I run four times per week, and even now with my shoulder I’ll go swimming with my boyfriend. I haven’t been riding lately but we’ll go mountain biking or road biking. Summer is coming so we’ll start hiking and trying new things. Montana is a cool place because there is a lot to try. We are just active people.

Megan Running at the Grand Canyon in 2015

Megan Running at the Grand Canyon in 2015

Do you include anything in your routine for “mental” health? (i.e. meditation, affirmations, playing logic games)
I used to do affirmations. I went to rehab for an eating disorder, and that was a big one. When I have a hard time with something, or not processing something well in my life, I journal. I love journals because I love writing things out. For me it is a way to organize my thoughts. When I write down my thoughts I feel accomplished. I’ve worked through something, progressed, acknowledged and moved forward.

I’m also kind of a hermit sometimes socially. I make a conscious decision to meet friends and do new things and things that make me happy. That always seems to help. I have really good friends that I feel like I can talk to without judgment. They are hard to find, and I feel lucky.

We do yoga, not as often I would like because its 30 minutes away from where we live, but it is something that I want to do more. I found a runners yoga online I will start doing. I also have a glass of wine every night. It’s like my “congratulations, you made it through the day.” It’s my me time.

Do you feel like your job allows you to have a good work/life balance?
Yes, because I make it that way. But it could easily be the opposite, which I think is true for a lot of people. It’s hard to work from home because the work is literally there, I don’t physically leave my work when I’m done. I’m just walking away from my computer. That’s hard, and I sometimes feel like I’m working all day when it’s not the case. I consciously have to be done. I don’t ever want to live my life based around my work. I think that’s healthy. When I have kids, I want to experience life with them. I want to show them the world and do things with them, go to the park and go to their swim lessons. I feel really lucky to have a flexible work schedule. I can go running in the middle of the day because I want to. But it’s easy to get carried away, and I see a lot of people who work all the time because they are driven by something else. If you offered me a $1,000 a month to work 10 more hours per week, I would probably say no. I never want to look back at my time and say, “Wow, what did I do last year other than work?”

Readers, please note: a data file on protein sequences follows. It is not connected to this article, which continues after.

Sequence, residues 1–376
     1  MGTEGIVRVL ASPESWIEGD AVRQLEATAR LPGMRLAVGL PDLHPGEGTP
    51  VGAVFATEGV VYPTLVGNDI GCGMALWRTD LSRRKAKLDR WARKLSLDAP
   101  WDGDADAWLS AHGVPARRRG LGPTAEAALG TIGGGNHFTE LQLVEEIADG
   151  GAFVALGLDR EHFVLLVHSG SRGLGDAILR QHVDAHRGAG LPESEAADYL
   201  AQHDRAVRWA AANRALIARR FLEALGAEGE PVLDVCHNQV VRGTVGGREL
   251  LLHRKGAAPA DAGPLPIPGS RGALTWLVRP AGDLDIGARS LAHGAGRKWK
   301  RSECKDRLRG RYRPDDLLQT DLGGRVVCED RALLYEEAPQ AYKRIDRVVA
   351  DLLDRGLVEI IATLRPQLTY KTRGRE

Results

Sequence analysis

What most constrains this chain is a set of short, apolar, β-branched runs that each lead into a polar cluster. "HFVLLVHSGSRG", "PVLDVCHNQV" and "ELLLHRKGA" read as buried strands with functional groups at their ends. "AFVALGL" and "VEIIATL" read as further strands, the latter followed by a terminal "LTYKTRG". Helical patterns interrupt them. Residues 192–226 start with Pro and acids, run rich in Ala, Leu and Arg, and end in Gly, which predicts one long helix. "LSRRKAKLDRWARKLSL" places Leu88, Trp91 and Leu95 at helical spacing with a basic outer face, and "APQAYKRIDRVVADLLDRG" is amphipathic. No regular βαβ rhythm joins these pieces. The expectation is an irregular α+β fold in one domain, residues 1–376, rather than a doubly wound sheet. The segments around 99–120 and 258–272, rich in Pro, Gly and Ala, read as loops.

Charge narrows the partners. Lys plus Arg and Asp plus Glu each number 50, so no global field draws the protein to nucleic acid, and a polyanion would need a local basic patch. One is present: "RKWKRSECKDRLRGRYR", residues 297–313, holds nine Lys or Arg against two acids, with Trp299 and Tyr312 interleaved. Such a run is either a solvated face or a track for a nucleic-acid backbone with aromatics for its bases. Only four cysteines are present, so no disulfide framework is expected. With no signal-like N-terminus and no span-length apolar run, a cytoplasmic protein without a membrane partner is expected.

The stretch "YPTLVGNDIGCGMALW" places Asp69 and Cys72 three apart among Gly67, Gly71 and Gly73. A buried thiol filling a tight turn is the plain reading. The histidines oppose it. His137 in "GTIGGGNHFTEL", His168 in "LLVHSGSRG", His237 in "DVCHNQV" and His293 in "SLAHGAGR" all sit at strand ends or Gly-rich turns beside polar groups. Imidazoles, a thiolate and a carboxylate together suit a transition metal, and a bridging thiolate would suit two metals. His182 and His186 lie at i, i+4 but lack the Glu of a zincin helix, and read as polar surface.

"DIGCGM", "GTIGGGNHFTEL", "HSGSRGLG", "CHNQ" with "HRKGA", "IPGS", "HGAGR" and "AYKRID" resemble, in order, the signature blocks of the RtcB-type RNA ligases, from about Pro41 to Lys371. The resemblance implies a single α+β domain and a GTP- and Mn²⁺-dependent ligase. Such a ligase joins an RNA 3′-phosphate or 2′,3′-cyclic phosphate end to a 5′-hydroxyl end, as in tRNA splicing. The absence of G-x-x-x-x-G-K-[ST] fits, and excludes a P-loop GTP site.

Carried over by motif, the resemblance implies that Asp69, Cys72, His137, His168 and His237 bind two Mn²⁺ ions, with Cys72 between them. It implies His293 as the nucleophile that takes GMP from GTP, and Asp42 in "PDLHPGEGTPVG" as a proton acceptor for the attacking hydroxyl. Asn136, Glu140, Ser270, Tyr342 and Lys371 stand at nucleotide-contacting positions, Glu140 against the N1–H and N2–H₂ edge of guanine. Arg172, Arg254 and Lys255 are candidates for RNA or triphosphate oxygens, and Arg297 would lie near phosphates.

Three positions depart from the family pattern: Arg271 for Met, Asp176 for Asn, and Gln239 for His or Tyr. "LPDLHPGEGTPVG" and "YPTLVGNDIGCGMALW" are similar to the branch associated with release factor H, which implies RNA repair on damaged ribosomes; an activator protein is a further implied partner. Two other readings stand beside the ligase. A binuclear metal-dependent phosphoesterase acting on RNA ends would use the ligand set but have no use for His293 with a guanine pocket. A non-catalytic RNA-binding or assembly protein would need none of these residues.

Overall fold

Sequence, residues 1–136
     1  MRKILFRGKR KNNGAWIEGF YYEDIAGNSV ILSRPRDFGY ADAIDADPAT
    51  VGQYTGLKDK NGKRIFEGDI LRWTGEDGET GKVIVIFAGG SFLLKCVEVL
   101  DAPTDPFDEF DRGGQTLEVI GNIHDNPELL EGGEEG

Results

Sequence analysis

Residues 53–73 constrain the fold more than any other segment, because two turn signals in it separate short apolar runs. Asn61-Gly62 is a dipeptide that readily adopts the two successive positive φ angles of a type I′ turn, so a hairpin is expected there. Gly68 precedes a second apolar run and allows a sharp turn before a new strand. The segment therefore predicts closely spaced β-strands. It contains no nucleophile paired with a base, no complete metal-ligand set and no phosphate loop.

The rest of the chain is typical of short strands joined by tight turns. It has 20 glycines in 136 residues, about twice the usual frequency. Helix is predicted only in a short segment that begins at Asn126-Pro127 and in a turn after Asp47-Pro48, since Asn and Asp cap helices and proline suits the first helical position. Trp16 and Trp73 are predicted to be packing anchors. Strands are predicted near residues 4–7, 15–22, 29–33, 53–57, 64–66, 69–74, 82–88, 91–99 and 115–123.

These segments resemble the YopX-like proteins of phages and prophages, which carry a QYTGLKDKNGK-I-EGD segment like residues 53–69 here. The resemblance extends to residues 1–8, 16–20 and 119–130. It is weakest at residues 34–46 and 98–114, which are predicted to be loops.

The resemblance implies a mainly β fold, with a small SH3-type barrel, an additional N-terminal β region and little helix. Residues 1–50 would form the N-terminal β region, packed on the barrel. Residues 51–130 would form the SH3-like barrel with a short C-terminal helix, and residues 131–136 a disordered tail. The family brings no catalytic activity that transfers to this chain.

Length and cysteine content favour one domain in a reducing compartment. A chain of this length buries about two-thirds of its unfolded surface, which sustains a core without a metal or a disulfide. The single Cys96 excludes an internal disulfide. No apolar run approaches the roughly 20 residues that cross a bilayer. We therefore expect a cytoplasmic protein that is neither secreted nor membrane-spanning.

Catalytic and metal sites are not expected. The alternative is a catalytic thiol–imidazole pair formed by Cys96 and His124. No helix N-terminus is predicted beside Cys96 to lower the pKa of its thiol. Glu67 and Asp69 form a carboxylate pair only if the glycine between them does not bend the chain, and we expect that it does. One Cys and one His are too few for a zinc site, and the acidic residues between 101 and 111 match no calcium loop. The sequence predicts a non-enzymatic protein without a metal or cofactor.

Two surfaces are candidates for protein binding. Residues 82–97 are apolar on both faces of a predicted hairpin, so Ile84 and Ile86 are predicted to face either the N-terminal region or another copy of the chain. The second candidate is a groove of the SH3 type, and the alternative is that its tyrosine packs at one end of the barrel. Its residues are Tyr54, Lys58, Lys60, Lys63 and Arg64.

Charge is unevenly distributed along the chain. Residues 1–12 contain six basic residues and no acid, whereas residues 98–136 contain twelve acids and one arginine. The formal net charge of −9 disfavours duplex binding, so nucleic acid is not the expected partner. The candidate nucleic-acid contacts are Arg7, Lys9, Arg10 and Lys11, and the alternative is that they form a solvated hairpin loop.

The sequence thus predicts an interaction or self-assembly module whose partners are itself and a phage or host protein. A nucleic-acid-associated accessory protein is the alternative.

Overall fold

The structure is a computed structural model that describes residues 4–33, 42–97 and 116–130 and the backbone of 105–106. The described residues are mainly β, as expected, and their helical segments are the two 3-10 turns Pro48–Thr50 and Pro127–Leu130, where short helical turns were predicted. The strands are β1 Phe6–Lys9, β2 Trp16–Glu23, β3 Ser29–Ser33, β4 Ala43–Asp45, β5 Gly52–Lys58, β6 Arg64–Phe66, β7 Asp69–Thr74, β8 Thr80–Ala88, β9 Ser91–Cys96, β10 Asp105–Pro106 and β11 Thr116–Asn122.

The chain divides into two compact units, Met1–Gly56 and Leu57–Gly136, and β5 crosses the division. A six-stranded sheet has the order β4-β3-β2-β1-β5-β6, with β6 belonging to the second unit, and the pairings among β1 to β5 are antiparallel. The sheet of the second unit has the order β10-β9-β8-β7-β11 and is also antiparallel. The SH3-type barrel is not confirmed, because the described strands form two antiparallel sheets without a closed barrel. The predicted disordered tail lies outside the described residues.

If you could give advice to your younger self, what would you say?
Relax. It all gets better from here. Enjoy.

In high school I felt awkward and ugly, but I realized later that it was not the defining moment in my life. College is better, and life after college is even better than that. I remember getting caught up in trivial things.

Any last comments?
I wish things happened differently, but I don’t regret it because of what I’ve learned. I’ve learned I’m a strong person. I’ve reflected and grown from the hardships. It’s almost a hilarious story to tell now. I mean really, four shoulder surgeries? The most important thing I remember is it’s not a defining. Just roll with it. I thought my injury would make or break my entire life, and it clearly hasn’t. Stuff changes. I love athletics and sports, and I think they are really important for so many reasons. But I’ve learned there is more to life than training and sports, and when you train, you almost become blind to the rest of life. I love being fit, but going back to training is hard because you have to have the blinders on for a bit. I like training but having a life at the same time. I think that’s what makes things hard for a lot of athletes.

Megan Back